Ukrainian children should be offered up to a year of special lessons at schools and integrated into kindergartens to allow their mothers to look for work, German education advisers have said.
Women and children make up the bulk of the 3.6 million who have fled Ukraine after men of fighting age were banned from leaving the country following Russia’s invasion.
Although many hope to return to Ukraine once it is safe, getting children into schools is still important because it gives them a “slice of normality” and a daily routine and reduces inequalities suffered by refugees, an expert panel said.
It said in a submission to Germany’s 16 state education ministers that integration classes for mothers would go to waste if they could not find childcare while they learnt to speak German and find jobs.
“It’s mainly women and children coming from Ukraine at the moment. Integration offers have to respond to that,” said Petra Bendel, the chairwoman of the Expert Council on Integration and Migration.
Germany has registered more than 200,000 Ukrainian refugees, with others thought to have arrived without alerting authorities. The government expects the number to keep rising as the fighting continues.
Refugees are eligible for education and employment under a European Union-wide scheme that gives them an initial one-year residency permit in the bloc.
In their proposals, the advisers said younger children should be enrolled in normal classes but spend about half their time learning German.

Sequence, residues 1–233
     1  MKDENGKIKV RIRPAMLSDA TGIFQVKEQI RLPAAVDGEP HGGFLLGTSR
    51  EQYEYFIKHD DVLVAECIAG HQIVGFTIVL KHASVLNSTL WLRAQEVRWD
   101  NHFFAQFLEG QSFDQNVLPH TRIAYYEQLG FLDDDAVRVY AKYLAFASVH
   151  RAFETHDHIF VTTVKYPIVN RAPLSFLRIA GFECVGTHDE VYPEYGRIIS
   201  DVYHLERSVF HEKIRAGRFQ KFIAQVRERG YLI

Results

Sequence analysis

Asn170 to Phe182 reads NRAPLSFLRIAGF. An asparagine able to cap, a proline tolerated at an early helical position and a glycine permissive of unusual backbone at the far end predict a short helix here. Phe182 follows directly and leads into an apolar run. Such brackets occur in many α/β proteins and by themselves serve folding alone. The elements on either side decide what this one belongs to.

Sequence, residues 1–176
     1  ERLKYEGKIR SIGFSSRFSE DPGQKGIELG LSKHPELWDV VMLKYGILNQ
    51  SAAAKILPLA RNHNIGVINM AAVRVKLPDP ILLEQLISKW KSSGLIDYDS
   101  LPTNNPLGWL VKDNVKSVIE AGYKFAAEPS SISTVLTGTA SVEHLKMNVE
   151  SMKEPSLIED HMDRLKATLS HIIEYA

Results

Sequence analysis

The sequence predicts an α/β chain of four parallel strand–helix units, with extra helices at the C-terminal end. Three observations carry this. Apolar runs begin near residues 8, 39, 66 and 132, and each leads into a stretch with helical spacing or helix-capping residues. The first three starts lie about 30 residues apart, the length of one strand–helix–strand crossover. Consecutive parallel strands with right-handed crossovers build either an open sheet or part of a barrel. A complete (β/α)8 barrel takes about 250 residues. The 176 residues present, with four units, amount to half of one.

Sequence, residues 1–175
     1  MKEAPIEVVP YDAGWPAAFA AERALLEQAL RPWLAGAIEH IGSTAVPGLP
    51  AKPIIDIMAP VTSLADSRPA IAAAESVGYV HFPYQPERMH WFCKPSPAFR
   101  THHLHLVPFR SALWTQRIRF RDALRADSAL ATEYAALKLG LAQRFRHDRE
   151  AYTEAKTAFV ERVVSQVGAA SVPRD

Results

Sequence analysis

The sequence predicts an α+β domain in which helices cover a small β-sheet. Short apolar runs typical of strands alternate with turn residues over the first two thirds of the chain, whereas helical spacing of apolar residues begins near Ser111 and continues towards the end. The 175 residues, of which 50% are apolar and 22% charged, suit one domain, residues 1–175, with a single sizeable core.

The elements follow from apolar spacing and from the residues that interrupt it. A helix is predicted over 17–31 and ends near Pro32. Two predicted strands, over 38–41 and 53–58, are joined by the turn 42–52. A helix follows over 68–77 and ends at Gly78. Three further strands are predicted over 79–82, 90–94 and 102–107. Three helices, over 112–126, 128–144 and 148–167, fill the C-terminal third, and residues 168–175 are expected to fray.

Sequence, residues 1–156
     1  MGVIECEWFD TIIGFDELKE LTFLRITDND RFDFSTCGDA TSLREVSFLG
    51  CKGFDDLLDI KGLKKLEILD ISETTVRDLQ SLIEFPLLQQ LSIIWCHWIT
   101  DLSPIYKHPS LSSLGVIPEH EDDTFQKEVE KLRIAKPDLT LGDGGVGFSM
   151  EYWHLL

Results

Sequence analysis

Older children who are further behind in German could be given special catch-up lessons but should move into regular classes within a year, while still receiving special attention for their language learning, ministers were told.
Pupils who were close to finishing school when they had to leave Ukraine could be especially disadvantaged and officials should explore whether they could complete their qualifications remotely, the expert panel said.
Claudia Diehl, one of the advisers, said schools should strive to avoid either large groups of Ukrainians joining a school so that they become segregated from other children or lone refugee pupils becoming isolated.
“The experience of earlier refugee movements shows that some refugees’ stays become permanent, even if many Ukrainians are hoping for a swift return,” she said.
“But an early integration into the education system is important regardless of the question of staying or returning.”
The panel said language teachers should offer courses especially for refugee mothers but that they should not receive more favourable treatment than previous migrants whose German classes were disrupted by the pandemic.
Ukrainians with teaching qualifications should also be encouraged to help children starting at schools and kindergartens, it said.